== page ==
One of the most common aspects of these worlds, is their Magic system

When creating a magic system for your world, you will need to ask yourself these questions:

  • What does the magic do?
  • Who can use it?
  • What are the consequences or limits of the magic used?
  • Where does it come from? (knowledge, genetics, objects, higher power)

Integration of magic

Your magic should have such a profound effect on your world, that if you removed magic from your world, everything would change. What is its role in society?

Take a list of all the world building elements and ask yourself “How does my magic system interact with this?”

Here are some sample questions:

Economy: What jobs are different that what would be considered normal.

Culture and traditions

Attitudes towards magic and its users

Hard Magic Systems

A hard magic system is one that has clearly defined rules of what a power/ability is, what is can do, and any consequences that will occur when pushed outside of those limitations.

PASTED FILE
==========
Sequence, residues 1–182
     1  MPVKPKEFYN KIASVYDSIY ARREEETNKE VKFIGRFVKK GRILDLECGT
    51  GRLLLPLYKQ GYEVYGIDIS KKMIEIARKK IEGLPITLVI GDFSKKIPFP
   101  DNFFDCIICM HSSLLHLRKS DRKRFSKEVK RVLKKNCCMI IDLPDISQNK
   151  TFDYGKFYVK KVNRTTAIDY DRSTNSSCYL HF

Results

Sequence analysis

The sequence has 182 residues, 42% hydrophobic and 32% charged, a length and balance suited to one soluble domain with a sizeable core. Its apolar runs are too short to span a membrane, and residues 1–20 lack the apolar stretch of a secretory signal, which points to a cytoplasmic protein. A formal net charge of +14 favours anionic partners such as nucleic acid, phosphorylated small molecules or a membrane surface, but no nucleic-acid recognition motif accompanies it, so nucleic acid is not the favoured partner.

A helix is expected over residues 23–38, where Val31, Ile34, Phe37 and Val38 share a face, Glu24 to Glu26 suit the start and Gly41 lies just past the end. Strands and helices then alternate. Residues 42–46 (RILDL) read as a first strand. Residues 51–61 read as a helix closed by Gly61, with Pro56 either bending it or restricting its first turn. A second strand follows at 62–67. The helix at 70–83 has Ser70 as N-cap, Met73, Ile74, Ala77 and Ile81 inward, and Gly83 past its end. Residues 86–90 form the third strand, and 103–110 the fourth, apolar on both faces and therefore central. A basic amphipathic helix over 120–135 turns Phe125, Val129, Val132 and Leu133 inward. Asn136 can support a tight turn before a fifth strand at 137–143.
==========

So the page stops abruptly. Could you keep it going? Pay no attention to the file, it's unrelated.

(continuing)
How can this be cleverly be used to problem solve obstacles throughout the series. Hard systems are like a mathematical function:

Magical input and requirements = Magic output and consequences.

Great to help foreshadow what will happen in the end. Easier to help achieve the desired emotional response in the end. Used to solve conflict in logical and believable ways.

Be careful though, too many rules can drive a reader crazy. Most people would rather play a board game while playing, rather than spending an hour going over the rules in excruciating detail.

The same can be said for your hard magic system. Start easy and gradually make your way into complicated territory.

Examples of a hard magic system:

  • Avatar The Last Airbender

Soft Magic Systems

This magic system Magic is vague and undefined, allowing characters to do random things without a need to prove why.

This creates a sense of awe and wonder adding to a natural curiosity of the world.

Just because powers are undefined, does not mean they are always unexplained. For example:

Star Wars has Jedi Knights who are born with midi-chlorians, which give them mind powers and the ability to utilize the force.

The movies explains why some characters have greater power than others, but does not go into detail of the difference in capabilities or what abilities they may harness.

When something magical happens, it can easily be summed up as “Oh. They did that because they can use the force.”